The Bull Market a Decade on ... Running with the Bull

The Bull Market Began 10 Years Ago.


The financial system had nearly collapsed. The deepest recession in decades was devouring over 700,000 jobs a month. Roughly $13 trillion in stock market wealth, slowly rebuilt since the dot-com bust, had again been incinerated. It was March 2009. And it was one of the best times in a generation to buy stocks. A decade later, the bull market that began back then ranks among the great rallies in stock-market history. The 305 percent surge in the S&P 500 is the index’s second-best run ever. The rise has generated more than $30 trillion in wealth. Adjusted for inflation, that is the most created during any bull run on record, edging out the $25 trillion in gains during the epic streak from December 1987 to March 2000, which ended with the bursting of the dot-com bubble, according to Federal Reserve data.
Mark Haines Calls the Stock Market Bottom, March 10, 2009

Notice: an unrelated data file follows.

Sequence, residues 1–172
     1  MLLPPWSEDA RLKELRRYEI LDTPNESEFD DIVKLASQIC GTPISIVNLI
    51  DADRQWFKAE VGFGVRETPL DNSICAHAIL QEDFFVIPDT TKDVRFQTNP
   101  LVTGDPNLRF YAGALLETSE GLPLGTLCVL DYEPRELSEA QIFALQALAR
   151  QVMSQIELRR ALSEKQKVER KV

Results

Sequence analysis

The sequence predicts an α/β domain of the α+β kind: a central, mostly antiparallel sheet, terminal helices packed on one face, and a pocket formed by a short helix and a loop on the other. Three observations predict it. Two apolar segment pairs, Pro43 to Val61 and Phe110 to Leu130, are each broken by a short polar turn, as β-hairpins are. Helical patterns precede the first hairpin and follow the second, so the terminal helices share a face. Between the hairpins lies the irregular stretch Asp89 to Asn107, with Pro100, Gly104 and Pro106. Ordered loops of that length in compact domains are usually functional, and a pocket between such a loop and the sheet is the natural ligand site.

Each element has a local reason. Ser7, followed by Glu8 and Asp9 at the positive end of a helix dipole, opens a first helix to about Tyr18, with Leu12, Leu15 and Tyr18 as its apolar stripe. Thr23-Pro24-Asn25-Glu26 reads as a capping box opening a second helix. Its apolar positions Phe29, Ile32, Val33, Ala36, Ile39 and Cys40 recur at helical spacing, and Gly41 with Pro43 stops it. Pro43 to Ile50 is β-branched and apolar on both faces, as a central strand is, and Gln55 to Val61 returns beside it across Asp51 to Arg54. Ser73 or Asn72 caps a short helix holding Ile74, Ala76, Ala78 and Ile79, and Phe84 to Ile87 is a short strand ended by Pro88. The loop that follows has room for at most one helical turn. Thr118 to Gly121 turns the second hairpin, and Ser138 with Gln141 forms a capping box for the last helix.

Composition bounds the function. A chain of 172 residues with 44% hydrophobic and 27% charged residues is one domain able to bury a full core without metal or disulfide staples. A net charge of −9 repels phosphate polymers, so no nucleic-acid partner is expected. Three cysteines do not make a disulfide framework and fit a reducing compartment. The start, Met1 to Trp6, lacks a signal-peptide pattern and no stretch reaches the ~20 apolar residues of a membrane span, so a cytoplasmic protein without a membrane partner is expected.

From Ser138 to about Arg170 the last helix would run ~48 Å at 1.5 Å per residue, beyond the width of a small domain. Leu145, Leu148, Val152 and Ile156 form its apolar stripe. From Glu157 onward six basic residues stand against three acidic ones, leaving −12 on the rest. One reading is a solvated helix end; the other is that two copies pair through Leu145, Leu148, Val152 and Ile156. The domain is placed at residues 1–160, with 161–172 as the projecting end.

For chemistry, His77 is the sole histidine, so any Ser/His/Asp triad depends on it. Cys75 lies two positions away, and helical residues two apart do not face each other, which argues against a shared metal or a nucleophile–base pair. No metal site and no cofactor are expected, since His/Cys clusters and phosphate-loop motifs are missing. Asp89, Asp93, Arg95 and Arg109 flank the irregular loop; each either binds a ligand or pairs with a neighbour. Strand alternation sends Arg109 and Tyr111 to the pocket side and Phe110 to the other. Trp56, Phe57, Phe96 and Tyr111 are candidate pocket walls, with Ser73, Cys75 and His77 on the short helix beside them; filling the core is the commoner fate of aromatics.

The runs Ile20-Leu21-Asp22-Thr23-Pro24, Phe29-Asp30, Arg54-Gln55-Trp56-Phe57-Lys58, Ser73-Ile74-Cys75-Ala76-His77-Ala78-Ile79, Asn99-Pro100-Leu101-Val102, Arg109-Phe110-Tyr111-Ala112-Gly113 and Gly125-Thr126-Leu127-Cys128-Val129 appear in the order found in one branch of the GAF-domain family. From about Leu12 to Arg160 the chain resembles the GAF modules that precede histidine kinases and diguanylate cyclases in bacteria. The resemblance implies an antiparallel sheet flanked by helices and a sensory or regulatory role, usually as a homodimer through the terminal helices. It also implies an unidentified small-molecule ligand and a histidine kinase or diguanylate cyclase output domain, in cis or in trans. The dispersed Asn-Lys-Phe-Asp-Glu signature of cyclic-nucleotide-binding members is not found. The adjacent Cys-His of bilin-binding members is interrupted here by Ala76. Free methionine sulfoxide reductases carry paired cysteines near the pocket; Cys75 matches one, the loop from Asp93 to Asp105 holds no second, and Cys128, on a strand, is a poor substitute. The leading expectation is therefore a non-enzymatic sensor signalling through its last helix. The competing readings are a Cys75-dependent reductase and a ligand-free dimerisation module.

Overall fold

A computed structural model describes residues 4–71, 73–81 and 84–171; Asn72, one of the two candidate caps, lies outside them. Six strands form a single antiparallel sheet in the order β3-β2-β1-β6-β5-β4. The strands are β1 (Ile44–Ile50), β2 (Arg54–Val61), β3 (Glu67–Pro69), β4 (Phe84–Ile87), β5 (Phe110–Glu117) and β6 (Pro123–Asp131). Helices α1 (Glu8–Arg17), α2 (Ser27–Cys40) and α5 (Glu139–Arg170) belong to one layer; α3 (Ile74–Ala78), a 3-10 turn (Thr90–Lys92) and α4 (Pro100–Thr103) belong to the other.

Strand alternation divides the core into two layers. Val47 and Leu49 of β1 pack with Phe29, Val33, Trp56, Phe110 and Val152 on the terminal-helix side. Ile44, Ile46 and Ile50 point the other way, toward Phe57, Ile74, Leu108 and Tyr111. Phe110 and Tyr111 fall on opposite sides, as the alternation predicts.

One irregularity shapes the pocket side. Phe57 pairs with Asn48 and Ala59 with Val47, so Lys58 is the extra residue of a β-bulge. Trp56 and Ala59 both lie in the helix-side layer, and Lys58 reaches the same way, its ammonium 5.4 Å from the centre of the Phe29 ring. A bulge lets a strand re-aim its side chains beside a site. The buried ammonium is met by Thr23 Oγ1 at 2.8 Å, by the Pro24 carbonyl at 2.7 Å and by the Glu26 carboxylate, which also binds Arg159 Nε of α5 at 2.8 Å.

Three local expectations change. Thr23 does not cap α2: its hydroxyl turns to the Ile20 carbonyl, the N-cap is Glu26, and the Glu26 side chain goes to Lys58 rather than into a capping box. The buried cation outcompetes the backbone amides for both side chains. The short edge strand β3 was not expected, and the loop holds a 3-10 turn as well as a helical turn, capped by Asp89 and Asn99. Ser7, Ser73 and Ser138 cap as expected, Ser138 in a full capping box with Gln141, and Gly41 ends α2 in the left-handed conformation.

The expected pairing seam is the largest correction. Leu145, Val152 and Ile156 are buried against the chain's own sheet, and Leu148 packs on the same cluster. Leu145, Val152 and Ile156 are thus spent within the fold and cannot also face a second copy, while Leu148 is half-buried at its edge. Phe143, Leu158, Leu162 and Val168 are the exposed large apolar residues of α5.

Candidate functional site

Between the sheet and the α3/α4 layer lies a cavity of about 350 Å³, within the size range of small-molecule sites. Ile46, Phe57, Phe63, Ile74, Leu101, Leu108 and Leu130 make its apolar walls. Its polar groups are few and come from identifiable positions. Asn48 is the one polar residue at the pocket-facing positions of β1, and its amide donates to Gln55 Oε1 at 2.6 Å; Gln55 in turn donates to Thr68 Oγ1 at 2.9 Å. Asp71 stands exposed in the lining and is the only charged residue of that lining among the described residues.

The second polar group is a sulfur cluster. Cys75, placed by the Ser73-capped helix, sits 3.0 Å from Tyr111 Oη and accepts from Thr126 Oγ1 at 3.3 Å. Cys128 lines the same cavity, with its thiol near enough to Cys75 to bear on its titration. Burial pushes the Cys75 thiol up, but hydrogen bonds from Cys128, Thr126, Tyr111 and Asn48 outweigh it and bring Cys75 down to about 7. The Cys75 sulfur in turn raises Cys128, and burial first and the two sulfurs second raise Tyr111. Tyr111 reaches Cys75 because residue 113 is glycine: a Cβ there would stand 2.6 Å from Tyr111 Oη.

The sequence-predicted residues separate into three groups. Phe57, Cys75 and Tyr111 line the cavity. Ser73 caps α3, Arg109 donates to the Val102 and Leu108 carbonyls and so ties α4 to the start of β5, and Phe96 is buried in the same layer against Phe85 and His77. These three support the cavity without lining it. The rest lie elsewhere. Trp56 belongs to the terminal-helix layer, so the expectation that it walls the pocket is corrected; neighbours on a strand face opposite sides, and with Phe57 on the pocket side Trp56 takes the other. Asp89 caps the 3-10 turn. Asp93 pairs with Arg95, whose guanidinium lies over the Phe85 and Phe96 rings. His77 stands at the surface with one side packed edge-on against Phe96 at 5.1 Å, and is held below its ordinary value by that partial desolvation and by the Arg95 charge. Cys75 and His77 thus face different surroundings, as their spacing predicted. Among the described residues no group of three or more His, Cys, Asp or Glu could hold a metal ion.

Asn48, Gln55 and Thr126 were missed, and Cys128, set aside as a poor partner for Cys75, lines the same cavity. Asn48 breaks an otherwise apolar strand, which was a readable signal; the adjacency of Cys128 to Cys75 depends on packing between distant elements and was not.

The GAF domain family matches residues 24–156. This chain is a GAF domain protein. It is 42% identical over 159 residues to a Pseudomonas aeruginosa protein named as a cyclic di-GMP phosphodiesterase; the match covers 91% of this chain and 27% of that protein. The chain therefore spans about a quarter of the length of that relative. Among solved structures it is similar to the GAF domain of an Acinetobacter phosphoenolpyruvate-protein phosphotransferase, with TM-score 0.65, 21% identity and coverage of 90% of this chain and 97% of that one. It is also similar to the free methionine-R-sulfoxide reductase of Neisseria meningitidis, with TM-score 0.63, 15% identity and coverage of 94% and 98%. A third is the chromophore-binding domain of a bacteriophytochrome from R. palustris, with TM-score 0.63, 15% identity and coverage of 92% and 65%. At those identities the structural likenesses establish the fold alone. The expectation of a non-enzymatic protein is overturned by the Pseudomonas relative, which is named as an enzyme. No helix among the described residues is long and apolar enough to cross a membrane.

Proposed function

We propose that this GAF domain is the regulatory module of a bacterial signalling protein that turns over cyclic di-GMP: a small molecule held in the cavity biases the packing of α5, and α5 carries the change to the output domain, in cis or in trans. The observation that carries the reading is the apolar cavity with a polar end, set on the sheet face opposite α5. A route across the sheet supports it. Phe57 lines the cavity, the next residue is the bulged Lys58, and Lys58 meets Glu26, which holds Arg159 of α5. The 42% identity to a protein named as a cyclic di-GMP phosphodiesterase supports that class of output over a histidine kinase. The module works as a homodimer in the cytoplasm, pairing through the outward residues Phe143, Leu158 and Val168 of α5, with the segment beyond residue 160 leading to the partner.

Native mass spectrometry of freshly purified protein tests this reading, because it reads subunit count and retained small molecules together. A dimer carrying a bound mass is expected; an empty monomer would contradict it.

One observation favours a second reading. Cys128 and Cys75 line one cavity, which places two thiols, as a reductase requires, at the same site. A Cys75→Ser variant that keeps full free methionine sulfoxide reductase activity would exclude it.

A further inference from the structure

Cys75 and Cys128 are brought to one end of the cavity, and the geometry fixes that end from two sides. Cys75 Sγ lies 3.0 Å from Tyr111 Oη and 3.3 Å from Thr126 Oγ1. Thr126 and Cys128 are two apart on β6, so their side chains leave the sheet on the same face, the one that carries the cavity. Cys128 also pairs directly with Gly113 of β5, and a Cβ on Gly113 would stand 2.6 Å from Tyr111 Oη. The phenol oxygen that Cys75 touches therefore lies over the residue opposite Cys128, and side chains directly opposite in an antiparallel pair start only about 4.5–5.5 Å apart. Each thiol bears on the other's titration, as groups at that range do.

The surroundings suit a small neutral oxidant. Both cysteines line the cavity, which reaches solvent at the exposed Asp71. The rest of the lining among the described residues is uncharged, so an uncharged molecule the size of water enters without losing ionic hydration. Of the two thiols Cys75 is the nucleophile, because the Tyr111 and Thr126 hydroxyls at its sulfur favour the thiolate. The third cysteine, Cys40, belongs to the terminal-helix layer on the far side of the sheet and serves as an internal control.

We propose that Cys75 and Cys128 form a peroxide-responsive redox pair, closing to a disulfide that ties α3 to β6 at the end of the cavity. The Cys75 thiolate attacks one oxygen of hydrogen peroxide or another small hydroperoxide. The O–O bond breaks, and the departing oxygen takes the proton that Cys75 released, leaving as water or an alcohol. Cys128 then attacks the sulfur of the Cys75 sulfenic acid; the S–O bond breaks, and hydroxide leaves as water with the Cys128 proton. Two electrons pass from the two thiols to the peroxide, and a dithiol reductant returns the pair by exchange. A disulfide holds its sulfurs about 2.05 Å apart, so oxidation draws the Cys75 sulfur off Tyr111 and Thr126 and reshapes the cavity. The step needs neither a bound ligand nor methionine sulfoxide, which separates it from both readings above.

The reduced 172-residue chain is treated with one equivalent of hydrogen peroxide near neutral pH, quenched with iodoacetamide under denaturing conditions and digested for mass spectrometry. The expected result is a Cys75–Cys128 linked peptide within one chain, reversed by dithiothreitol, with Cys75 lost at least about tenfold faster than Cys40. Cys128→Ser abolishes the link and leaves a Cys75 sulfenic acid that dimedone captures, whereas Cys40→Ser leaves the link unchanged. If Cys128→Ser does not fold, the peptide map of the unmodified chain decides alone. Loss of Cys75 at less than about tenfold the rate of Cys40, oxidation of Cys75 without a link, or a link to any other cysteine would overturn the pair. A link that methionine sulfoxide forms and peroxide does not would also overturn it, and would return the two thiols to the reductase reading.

In this clip from the March 10, 2009 edition of CNBC's Squawk on the Street, the late Mark Haines tells Erin Burnett, "I think we're at a bottom. I really do." As the credit crisis continued to swirl, the Dow had closed the day before at 6,547.05, a staggering 54 percent plunge from its all-time closing high above 14,000 in October of 2007.

Mark Haines Calls the Stock Market Bottom, March 10, 2009 from CNBC.

2/20/2009 is the day I started individual investing. I called a broker and bought 1,000 shares of FITB for just above $ 1,000. I later sold for about $ 10,000.

From there:
  • I opened a Wells Trade account enabling me to have 100 free trades a year (I'm grandfathered into this deal ... no longer offered)
  • Shortly thereafter we paid our mortgage off and I began to invest $ 2,000 per month 
  • After a bit, we were at the point that we lived in one salary and invested the other
  • We continue to invest. Recently buying IBM and CSCO

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